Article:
This New Drone Is Designed To Safely Break Apart On Impact

The Snap, from Vantage Robotics, features magnetic break-apart components and, surprisingly, a high-quality 4K camera.

One of the biggest concerns people have about drones is that they are thought to be dangerous: People can lose control of them and endanger people and property, or fly them too close to aircraft and put entire flights at risk.


A new drone company thinks it has the solution that doesn’t sacrifice any of the flight or camera capabilities found on popular models like those from industry leader DJI.

Already available for preorders, the Snap drone from San Francisco-based Vantage Robotics is designed specifically with crashes in mind. According to Vantage founder and CEO Tobin Fisher, the Snap was designed to break into component parts on impact. Those magnetic components can then be quickly snapped back into place for further flight.

The Snap is also quite a bit smaller and lighter than many consumer drones, something that Fisher points out also makes the Snap safer.

Many drones are now marketed as flying cameras, and the Snap is no different. Despite safety being the primary concern, the Snap does not skimp on its tech, coming equipped with a high-quality 4K camera.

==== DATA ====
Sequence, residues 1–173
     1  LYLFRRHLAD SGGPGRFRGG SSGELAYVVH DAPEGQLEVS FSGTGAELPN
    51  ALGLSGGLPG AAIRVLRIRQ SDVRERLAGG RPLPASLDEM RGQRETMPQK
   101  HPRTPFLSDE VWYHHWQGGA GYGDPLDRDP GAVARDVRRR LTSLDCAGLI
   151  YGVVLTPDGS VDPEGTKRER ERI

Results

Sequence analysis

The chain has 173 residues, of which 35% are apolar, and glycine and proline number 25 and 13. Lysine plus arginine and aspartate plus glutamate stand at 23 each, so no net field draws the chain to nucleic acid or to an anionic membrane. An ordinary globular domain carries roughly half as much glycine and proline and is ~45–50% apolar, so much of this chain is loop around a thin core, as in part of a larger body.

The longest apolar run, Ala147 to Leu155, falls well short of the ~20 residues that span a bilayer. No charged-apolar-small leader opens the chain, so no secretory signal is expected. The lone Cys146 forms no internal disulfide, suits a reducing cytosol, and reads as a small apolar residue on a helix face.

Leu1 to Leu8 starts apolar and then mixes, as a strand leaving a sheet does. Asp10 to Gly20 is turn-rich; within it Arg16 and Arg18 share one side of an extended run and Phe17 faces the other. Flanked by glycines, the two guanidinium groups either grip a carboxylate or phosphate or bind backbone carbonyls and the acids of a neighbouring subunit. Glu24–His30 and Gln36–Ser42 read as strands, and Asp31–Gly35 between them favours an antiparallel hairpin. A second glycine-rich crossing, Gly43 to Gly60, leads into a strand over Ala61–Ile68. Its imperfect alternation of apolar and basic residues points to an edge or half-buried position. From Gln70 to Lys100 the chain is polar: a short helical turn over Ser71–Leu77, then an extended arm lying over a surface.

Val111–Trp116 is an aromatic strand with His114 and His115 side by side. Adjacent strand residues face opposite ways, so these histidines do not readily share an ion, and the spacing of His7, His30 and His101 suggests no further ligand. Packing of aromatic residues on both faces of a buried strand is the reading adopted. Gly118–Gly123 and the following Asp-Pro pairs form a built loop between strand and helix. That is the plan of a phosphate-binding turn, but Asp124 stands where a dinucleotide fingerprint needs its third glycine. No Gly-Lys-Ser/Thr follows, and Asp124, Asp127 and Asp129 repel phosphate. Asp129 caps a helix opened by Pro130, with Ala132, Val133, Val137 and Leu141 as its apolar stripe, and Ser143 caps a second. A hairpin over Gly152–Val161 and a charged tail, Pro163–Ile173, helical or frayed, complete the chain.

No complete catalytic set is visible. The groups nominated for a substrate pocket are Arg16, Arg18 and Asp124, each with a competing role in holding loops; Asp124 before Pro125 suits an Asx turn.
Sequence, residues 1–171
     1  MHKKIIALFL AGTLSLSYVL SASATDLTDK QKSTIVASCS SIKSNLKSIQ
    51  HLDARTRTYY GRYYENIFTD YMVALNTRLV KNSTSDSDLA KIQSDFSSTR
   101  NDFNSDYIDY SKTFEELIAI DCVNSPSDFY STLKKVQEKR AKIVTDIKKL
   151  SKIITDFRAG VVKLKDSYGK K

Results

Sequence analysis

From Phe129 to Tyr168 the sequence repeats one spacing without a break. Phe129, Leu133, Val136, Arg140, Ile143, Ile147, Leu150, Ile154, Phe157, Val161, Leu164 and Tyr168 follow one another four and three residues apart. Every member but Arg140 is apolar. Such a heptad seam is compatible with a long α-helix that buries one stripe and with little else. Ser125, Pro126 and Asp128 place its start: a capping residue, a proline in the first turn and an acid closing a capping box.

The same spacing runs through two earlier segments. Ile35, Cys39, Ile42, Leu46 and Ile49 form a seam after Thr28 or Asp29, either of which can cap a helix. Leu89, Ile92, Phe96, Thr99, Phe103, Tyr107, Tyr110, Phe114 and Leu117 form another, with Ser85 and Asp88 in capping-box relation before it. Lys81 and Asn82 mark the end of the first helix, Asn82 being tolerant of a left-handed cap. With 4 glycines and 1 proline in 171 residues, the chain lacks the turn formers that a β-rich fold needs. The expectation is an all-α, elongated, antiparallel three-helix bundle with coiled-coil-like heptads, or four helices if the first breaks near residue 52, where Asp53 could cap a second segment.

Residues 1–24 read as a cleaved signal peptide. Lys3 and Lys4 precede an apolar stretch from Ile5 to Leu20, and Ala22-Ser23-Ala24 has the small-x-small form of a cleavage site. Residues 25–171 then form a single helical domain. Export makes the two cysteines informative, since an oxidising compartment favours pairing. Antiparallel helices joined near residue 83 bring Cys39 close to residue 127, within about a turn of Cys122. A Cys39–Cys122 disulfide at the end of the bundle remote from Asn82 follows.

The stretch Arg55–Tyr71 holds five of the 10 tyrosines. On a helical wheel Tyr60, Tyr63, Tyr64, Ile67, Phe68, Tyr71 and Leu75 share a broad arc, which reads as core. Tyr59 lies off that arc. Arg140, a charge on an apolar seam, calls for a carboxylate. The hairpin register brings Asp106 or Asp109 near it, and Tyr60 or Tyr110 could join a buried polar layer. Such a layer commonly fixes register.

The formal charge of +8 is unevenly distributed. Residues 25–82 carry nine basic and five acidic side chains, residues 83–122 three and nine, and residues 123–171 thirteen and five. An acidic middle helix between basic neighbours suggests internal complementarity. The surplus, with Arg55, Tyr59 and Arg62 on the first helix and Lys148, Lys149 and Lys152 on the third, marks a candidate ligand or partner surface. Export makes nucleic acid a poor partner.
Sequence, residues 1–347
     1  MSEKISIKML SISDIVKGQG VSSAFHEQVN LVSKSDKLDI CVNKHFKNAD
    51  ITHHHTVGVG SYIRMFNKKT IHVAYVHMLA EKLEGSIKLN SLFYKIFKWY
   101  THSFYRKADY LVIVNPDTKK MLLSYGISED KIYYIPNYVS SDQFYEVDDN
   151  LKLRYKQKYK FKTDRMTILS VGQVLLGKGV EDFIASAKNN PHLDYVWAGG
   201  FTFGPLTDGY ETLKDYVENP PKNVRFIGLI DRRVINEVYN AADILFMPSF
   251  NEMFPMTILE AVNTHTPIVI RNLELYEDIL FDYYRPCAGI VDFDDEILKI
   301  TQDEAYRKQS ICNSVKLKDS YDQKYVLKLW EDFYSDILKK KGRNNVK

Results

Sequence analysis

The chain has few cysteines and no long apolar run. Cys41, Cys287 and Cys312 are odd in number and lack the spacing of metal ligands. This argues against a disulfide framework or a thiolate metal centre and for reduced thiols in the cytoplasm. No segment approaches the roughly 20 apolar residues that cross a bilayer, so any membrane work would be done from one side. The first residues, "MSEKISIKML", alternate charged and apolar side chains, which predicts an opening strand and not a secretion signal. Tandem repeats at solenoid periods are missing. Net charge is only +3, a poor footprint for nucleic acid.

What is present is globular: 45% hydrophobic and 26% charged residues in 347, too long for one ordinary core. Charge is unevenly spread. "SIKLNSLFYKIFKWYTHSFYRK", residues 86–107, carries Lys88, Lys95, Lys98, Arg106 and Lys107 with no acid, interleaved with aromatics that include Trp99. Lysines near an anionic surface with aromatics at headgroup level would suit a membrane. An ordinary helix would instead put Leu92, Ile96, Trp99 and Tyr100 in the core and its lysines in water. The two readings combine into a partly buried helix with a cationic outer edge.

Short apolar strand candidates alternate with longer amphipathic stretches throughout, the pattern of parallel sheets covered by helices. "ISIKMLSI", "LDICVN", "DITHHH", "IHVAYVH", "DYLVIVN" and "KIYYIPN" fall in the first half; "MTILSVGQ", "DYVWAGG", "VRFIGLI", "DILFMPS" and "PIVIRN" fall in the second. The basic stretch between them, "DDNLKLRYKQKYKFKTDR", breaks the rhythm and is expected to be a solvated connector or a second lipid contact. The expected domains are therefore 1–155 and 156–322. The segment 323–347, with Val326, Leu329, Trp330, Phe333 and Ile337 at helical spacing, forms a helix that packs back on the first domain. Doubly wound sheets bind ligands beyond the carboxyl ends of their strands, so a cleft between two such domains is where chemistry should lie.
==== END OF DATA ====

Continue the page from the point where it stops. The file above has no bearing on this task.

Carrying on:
Priced at $1,300, the Snap is controlled using a smartphone app. The app is meant to be very simple for anyone to use, giving flight control with little more than a tilt of the phone or a tap on the screen.

But while the Snap may well have many of the features, and additional safety elements, that together position it quite well in the market, one industry expert thinks Vantage will have a hard time stealing market share from DJI and other leaders like 3D Robotics.


“They have to have some kind of unique advantage that would draw consumers away from those (big) brands,” said Colin Snow, the founder of Drone Analyst. “Do I think they’re able to compete? Honestly, no. I think the big brands are settled in. Unless they have a unique innovation…Unless they’re like Apple, they’ve got an uphill battle.”

Fisher would argue that the Snap’s light weight and break-apart design will give it that differentiation. Only time will tell if he’s right.


About the author

Daniel Terdiman is a San Francisco-based technology journalist with nearly 20 years of experience. A veteran of CNET and VentureBeat, Daniel has also written for Wired, The New York Times, Time, and many other publications.